25 February, 2010

Leak at Dubai Mall Aquarium Forces Evacuation

That's the headline in the Wall Street Journal. I've also seen the story on Sky News.

There's a statement from Emaar:

"A leakage was noticed at one of the panel joints of the Dubai Aquarium at The Dubai Mall and was immediately fixed by the aquarium's maintenance team," the emailed statement said. "The leakage did not impact the aquarium environment or the safety of the aquatic animals."

An area is cordoned off and shops closed.

While there may not be a safety problem it's another blow to Brand Dubai. A visitor is reported by the WSJ as saying : "It seems that as they're building things here, they're crumbling at the same time."

The WSJ story is here.

06 February, 2010

Sentence of the day

"The state was too intrusive in Brasília and almost non-existent in Dubai." - economist Paul Romer.

That's from his article in Prospect Magazine in which he is explaining his big idea of charter cities.

Context of the sentence:
Other urban economists fear new cities will repeat the unimpressive history of government-planned ones like Brasília, or Dubai’s recent bust. But these are both extreme examples. The state was too intrusive in Brasília and almost non-existent in Dubai. Hong Kong is the middle ground, a state ruled by laws not men, but one that leaves competition and individual initiative to decide the details.
Translation: Government was very much involved in Dubai's development but rather than over planning, there was under planning. And great uncertainty about law, especially property law.

Nonetheless, too much is made of Dubai's faults. After all, the expatriates came to Dubai by choice. And the vast bulk of these are coming from countries where economic prospects are dim because government incompetence and corruption.

Crossposted to Emirates Economist.

The Great Rydges Conspiracy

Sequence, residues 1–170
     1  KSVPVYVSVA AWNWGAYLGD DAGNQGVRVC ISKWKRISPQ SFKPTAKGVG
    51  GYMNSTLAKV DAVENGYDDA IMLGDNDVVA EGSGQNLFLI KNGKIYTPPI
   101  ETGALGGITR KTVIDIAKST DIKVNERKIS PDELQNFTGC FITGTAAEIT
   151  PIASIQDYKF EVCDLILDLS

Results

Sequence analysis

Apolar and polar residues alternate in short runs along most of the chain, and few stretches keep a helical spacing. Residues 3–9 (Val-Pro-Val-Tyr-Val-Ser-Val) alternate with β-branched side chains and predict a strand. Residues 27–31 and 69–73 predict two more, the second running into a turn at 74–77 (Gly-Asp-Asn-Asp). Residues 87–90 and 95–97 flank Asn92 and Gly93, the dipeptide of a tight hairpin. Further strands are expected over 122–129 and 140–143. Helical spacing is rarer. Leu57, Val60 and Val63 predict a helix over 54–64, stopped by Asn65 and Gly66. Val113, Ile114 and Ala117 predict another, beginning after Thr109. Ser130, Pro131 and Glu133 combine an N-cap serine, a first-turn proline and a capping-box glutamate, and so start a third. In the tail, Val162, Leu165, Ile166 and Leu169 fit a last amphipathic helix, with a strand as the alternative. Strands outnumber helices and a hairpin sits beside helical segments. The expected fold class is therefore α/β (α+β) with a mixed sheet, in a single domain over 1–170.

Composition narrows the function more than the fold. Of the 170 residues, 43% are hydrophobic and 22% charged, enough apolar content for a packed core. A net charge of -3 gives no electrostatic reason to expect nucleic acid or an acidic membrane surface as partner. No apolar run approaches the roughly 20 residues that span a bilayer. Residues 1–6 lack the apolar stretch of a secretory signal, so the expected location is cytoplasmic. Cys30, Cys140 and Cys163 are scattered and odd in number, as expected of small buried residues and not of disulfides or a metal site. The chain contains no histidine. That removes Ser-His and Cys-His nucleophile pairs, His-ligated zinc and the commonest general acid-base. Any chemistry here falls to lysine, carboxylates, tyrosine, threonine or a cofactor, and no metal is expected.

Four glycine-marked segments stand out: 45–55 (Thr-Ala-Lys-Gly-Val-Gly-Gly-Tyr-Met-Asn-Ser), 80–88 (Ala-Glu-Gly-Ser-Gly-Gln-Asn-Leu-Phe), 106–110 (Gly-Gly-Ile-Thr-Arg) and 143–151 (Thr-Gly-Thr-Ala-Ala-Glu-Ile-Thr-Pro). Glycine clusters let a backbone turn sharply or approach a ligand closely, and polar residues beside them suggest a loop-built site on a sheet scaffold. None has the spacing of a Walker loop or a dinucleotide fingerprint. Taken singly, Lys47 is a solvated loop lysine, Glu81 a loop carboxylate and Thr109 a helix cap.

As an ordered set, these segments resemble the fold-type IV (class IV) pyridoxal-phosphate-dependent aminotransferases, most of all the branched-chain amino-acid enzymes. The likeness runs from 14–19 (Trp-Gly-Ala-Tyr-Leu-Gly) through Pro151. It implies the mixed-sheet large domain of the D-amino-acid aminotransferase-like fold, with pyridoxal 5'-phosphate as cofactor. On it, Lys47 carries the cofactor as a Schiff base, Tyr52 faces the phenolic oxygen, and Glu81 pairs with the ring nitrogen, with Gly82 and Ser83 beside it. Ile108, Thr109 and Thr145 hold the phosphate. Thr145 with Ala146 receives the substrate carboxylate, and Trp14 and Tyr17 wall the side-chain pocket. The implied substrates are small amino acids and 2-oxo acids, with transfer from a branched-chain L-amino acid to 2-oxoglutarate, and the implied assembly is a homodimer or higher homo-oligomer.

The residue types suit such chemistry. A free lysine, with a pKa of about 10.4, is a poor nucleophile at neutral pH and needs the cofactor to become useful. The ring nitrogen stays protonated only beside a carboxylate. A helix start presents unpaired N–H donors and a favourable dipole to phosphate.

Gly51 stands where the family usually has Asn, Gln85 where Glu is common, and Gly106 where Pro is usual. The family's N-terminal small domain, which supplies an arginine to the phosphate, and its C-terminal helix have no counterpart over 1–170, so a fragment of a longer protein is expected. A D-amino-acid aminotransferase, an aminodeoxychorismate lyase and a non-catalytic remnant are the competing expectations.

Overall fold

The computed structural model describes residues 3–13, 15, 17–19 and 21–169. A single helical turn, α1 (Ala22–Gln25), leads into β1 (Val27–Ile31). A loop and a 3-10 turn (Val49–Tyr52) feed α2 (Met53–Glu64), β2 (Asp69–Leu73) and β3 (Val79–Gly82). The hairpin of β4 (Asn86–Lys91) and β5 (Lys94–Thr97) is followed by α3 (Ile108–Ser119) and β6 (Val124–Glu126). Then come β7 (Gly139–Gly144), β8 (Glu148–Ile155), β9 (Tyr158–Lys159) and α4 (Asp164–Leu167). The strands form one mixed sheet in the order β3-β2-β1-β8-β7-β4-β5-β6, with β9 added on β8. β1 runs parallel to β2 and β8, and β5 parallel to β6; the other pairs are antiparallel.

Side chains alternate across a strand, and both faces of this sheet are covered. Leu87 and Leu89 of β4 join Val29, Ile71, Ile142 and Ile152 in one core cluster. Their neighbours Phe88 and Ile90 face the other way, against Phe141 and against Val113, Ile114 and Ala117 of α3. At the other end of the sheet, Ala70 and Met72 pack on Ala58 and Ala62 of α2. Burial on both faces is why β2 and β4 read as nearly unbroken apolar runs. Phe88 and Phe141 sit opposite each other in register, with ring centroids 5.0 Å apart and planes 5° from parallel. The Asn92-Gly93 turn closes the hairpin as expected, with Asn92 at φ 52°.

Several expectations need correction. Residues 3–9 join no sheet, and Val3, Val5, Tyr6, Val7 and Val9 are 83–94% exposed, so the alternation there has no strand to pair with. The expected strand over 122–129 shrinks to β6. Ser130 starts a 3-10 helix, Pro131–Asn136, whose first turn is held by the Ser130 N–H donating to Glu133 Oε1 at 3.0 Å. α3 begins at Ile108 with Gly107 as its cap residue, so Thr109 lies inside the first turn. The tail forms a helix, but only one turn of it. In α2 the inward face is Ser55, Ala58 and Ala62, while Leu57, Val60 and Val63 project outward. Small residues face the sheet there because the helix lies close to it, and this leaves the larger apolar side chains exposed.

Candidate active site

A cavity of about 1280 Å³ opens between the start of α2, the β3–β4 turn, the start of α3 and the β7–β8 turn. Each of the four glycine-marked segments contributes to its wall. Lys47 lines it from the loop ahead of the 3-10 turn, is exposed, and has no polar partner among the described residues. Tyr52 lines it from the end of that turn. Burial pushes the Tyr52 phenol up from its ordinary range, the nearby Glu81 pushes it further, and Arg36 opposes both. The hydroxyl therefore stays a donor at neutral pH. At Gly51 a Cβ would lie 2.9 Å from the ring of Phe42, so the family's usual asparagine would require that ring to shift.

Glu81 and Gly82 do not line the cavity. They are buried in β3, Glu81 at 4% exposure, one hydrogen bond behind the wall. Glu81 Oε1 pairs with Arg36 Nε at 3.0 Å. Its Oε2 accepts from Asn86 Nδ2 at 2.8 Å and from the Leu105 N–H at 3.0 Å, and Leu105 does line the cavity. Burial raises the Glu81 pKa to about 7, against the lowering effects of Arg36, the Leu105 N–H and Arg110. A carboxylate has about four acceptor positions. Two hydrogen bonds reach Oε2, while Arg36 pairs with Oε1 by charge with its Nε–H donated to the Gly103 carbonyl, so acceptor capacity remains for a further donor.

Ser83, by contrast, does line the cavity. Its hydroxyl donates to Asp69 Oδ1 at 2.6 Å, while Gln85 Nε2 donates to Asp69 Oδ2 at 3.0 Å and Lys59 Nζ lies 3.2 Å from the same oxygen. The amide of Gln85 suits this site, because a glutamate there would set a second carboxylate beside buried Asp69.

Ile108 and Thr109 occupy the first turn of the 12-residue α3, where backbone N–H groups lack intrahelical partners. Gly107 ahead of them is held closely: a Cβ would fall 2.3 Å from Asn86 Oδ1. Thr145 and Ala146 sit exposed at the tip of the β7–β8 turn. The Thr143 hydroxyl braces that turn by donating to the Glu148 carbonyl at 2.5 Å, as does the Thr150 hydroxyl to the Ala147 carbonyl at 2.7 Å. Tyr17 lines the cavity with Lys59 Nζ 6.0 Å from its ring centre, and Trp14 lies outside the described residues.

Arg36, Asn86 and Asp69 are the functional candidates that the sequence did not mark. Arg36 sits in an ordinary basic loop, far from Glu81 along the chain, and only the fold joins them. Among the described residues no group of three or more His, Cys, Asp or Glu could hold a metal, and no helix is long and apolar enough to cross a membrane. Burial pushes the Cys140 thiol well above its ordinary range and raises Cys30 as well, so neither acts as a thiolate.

Anyone planning to revisit Doha Rydges Plaza hotel on their next trip to Qatar needn't bother. It bit the dust, literally, yesterday. This was, officially, a planned demolition. Part of the Dohaland 'Heart of Doha' project. The building has stood empty for a year and, in recent weeks, much of the surface cladding was removed, to facilitate the controlled explosion that was to bring it to its knees.
But wait a minute. Isn't a planned explosion supposed to bring a tower building (even a single one) vertically down, like a house of cards, to settle on its own foundations? Yet Rydges has clearly fallen over, more bowed than collapsed. The official story is that the demolition team miscalculated the strength of that cylindrical column. But that hardly seems likely. The building appears to have been knocked over. One could almost believe an aircraft flew into it...
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05 February, 2010

Akbar Zeb sent to UAE, KSA to serve as ambassador

It's all here. And it isn't a link to The Onion. He's a big deal diplomat. More, in Arabic, here.

For this video suggestion thanks go to Slate.fr
Un diplomate de haut niveau pakistanais s'est vu refuser le poste d'ambassadeur en Arabie saoudite à cause de son nom, Akbar Zeb, qui signifie «la plus grosse bite» en arabe. Les responsables saoudiens, apparemment accablés par le nom, on mis leur veto.